Symptoms usually begin 2 to 10 days after being exposed to the bacteria, but it can take up to 14 days. Most healthy people exposed to Legionella do not get sick.
People at increased risk are:
- 50 years old or older
- Current or former smokers
- People with a chronic lung disease such as emphysema or chronic obstructive pulmonary disease (COPD)
- People with weak immune systems or who take drugs that weaken the immune system
- People with cancer
- People with underlying illnesses such as diabetes, kidney failure, or liver failure.
A chest x-ray can confirm a patient’s pneumonia, and a lab test of urine or a sample of sputum or washing from the lung can confirm Legionella as the cause.
Legionnaires’ disease is usually treated successfully with antibiotics. However, complications can cause lung failure and death.
Legionnaires’ at the North Carolina Mountain State Fair
The Asheville Citizen-Times reports that the individual who died was a Buncombe County resident and that 65% of those who became ill had to be hospitalized.
The Citizen-Times quoted an Oct. 2 NC DHHS news release that said about 60% of the confirmed Legionnaires’ patients are male and have a median age of 61 but range in age from 24-90 years old.
“Preliminary findings indicate that people who were diagnosed with Legionnaires’ disease were much more likely to have visited the Davis Event Center while at the fair and much more likely to report having walked by the hot tub displays (in the Davis Event Center) compared to people who did not get sick,” the DHHS says.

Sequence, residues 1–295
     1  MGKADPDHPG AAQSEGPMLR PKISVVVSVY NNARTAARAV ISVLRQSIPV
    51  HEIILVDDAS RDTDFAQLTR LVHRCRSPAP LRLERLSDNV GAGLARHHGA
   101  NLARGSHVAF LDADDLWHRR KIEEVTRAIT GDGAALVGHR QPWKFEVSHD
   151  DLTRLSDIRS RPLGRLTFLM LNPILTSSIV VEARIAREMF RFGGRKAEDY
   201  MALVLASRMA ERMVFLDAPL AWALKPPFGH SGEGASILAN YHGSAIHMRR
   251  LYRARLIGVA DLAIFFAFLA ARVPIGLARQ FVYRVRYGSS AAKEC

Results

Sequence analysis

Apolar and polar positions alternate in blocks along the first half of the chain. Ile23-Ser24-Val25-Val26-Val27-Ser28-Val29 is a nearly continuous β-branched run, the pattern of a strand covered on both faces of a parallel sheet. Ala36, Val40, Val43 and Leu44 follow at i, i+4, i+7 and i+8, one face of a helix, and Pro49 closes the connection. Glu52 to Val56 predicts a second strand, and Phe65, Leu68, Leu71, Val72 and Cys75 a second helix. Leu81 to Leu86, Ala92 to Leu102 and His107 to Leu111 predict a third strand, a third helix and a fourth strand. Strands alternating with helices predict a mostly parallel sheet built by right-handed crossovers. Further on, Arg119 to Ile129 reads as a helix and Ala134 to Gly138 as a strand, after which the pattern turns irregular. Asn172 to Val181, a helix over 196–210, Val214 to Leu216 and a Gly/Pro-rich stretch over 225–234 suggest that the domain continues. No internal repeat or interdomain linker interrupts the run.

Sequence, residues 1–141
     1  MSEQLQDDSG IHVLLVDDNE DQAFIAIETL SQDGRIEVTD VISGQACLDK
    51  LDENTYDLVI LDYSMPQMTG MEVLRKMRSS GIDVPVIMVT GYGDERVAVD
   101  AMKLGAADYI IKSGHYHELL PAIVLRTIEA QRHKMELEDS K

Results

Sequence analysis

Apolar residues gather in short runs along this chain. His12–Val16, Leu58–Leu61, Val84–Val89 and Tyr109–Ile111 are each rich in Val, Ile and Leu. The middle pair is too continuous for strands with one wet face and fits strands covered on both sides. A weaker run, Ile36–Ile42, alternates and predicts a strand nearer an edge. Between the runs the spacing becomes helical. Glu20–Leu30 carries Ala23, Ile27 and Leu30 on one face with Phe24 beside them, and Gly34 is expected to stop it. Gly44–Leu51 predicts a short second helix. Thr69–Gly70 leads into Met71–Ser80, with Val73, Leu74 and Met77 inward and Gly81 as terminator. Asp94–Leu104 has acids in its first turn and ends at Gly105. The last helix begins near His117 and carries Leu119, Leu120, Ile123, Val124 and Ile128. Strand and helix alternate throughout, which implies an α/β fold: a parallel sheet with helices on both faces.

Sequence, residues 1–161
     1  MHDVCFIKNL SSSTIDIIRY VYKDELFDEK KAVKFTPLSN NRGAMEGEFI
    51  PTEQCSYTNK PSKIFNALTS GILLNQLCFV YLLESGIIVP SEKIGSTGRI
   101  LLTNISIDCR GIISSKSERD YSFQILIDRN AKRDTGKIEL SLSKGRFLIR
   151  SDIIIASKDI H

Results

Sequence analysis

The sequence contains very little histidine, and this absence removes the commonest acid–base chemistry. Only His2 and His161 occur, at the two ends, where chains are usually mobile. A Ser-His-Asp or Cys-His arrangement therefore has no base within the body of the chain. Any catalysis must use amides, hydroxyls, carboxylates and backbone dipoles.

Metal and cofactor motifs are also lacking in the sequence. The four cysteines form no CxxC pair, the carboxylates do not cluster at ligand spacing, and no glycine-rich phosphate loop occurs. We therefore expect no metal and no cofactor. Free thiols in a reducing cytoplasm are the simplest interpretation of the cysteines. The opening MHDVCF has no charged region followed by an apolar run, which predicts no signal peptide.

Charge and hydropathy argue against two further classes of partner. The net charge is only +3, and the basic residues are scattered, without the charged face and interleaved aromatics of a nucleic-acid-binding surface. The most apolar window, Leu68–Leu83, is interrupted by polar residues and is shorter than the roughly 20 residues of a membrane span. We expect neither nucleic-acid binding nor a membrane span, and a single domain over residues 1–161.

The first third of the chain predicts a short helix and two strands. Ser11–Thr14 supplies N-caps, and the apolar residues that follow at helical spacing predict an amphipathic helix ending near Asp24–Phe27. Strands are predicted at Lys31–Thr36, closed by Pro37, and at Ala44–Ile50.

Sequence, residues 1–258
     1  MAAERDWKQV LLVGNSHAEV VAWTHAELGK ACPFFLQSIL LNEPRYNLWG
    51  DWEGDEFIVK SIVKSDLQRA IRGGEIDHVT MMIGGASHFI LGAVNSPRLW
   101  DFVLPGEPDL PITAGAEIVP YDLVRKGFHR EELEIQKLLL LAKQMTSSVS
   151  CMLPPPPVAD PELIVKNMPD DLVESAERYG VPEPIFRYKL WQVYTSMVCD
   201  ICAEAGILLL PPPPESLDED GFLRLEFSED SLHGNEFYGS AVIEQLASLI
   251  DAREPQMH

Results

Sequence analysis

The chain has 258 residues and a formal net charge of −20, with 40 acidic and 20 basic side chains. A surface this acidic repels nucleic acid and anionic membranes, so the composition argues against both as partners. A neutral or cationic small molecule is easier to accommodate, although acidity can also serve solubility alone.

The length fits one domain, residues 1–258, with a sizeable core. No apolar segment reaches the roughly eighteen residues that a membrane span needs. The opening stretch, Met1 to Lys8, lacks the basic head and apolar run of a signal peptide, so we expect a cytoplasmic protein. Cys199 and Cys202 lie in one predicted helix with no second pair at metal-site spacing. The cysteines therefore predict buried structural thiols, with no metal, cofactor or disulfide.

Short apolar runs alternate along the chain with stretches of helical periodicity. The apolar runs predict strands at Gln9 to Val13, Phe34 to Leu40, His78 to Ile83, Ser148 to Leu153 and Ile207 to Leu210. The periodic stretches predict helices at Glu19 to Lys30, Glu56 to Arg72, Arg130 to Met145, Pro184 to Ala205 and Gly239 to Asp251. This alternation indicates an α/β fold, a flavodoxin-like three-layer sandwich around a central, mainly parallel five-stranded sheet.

People who were diagnosed with Legionnaires’ disease were also more likely to have visited during the latter half of the fair.
State health officials said the findings suggest that low levels of Legionella present were able to grow in hot tubs or possibly some other source in the Davis Event Center leading to exposure through breathing in aerosolized water that contained the bacteria. The investigation is continuing.
A sink in the women’s room also reportedly tested positive for Legionella bacteria. But DHHS noted that little aerosolized water is created when people wash their hands in sinks, flush toilets or use similar water sources.
Health officials investigating after the fair ended said they found no significant sources of aerosolized water on the site. Officials have suspended rentals of the Davis Event Center while they “review and implement mitigation plans for the facility … out of an abundance of caution and to reassure event attendees, fairgoers and Ag Center employees that the center is safe for occupancy,” the DHHS says.
The North Carolina Mountain State Fair was established in 1994, and it typically attracts more than 150,000 visitors. The 2019 North Carolina State Fair in Raleigh is to be held October 17 to 27. Its attendance has neared or topped 1 million in recent years.
If you or your loved one has been diagnosed with Legionnaires disease or Pontiac fever and been hospitalized after attending the N.C. Mountain State Fair, contact a personal injury attorney at Hardison & Cochran to discuss your legal options. We offer a free consultation to review your case.